This story which is mentioned in some books including Bukhari, is not authentic at all. It was fabricated to justify similar act done by Abu Bakr who burned Al-Foja'ah.

Wassalam.

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Hassanain Govani, Hassanain Govani is based in Sweden and has an MA in History of Religion from Uppsala University and an MA in Islamic Studies from the Islamic College of London, and has also studied Arabic in... Answer updated 5 months ago

Salaamun Alaykum

Watching pornography would go against the clear command of Qur'an to "lower the gaze", Suratul Noor 24:30-31.

What actually entails a major sin, and what the punishments for those are, is a much discussed and debated question.

I understand that it could be interesting to know whether or not watching pornography would fall into such a category.

However, I would like to highlight the issue from another perspective. Generally, when something is haraam in sharia, it is so for good reasons. There is an abundant amount of evidence showing that pornography is harmful for the persons involved in the filming, for the individual watching, and for the society at large. 

Many books have been written on the issue, e.g. Understanding and treating Sex and Pornography Addication by Paula Hall, and Treating Pornography Addiction by Kevin B Skinner.

I would also recommend the following TEDx talk: The Great Porn Experiment 

 

To cut it short, pornography is highly addictive. Furthermore, it can cause serious problems in life in different domains, such as marital intimacy, concentration, carrier, and other areas. 

Therefore, I would suggest that one looks beyond the question of major sin or not. The fact is that it is potentially very harmful. These are the dire consequences in this life. I dread to think about the consequences on the soul and the life to come.

May God bless you

 

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Seyed Ali Shobayri, Seyed Ali Shobayri is of mixed Iranian and Scottish descent who found the path of the Ahlul Bayt (a) by his own research. He holds a BA in Islamic Studies from Middlesex University through the... Answered 5 months ago

Bismillah, 

Asalamu Alaykom, 

Such matters should be for a legitimate Islamic government who can implement such hudud, or under an infallible as some scholars would state.  
 

One cannot take matters into their own hands. Even some ulema who may allude to doing so would forbid it if this caused a Muslim to go into harm or trouble which most likely occur. 
 

May Allah grant you success 

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Sayyed Mohammad Al-Musawi, Sayyed Mohammad al-Musawi is originally from Iraq and heads up the World Ahlul Bayt Islamic League in London. Other than being involved in various humanitarian projects, he frequently responds to... Answered 5 months ago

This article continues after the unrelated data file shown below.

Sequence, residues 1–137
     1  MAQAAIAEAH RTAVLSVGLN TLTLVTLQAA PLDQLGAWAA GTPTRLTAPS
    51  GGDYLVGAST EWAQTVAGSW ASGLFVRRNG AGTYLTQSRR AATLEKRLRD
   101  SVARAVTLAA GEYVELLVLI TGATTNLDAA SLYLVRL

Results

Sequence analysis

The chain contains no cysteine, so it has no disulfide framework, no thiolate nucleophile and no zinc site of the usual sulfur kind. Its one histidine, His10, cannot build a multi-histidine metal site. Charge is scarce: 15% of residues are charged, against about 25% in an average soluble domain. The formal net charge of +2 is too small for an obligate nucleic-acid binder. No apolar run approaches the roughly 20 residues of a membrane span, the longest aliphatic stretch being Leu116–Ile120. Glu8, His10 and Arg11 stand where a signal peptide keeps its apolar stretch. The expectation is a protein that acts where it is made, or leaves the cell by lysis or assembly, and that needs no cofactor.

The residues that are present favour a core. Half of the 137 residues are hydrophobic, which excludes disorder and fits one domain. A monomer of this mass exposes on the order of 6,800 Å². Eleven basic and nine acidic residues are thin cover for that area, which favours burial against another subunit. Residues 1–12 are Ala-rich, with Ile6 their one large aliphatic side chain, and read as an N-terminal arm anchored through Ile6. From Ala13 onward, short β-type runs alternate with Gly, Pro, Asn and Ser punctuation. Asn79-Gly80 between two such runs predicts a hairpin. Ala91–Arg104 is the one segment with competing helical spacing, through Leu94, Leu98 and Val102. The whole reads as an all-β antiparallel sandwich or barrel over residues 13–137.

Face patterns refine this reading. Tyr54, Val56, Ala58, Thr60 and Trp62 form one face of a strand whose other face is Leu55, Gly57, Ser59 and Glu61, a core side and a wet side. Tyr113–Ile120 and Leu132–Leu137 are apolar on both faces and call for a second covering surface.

No one will be punished for the sins of other person unless he approves it. The person who approves and agrees with any act whether good or bad, will be partner with the person who did it.

The bad effect of major sins falls on those children who agree and support it only and not on those who are against the wrong. Mohammad Ibn Abu Bakr was one of the pious followers of Ameerul Mo'mineen, despite being son of Abu Bakr who took the right of Khilafah from Ameerul Mo'mineen and deprived Fatimah from her right in Fadak.

A Mo'min by the name of Sa'd al-Khair from the family of Bani Umayyah came to Imam Mohammad Al-Baqir (AS) and he was weeping loudly like a woman. Imam asked him: What makes you weep O Sa'd? Sa'd replied: Why I should not weep when I belong to the cursed tree according to Quran (Bani Umayyah)? Imam replied him: You are not with Bani Umayyah, you are with us (Ahlul Bayt), did not you hear what Allah says in Quran (Whoever follows me is from me).

al-Ekhtisas by Shaikh al-Mofeed , page 85.

This means clearly that the children of the criminals are not responsible about the crimes of their parents or grand parents as far as they do not agree with the crime.

Wassalam.

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Sayyed Mohammad Al-Musawi, Sayyed Mohammad al-Musawi is originally from Iraq and heads up the World Ahlul Bayt Islamic League in London. Other than being involved in various humanitarian projects, he frequently responds to... Answered 6 months ago

Masturbation is a major sin and its punishment has been mentioned in many Hadeeths, that the sinner will come in the Day of Judgement with his hand which he used in masturbation, swollen like a mountain and will bedridden in front of all human beings.

Zina ( fornication) is another major sin, which is different from masturbation.

​​​​​​​Wassalam.

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Amina Inloes, Amina Inloes is originally from the US and has a PhD in Islamic Studies from the University of Exeter on Shi'a hadith. She is the program leader for the MA Islamic Studies program at the... Answered 7 months ago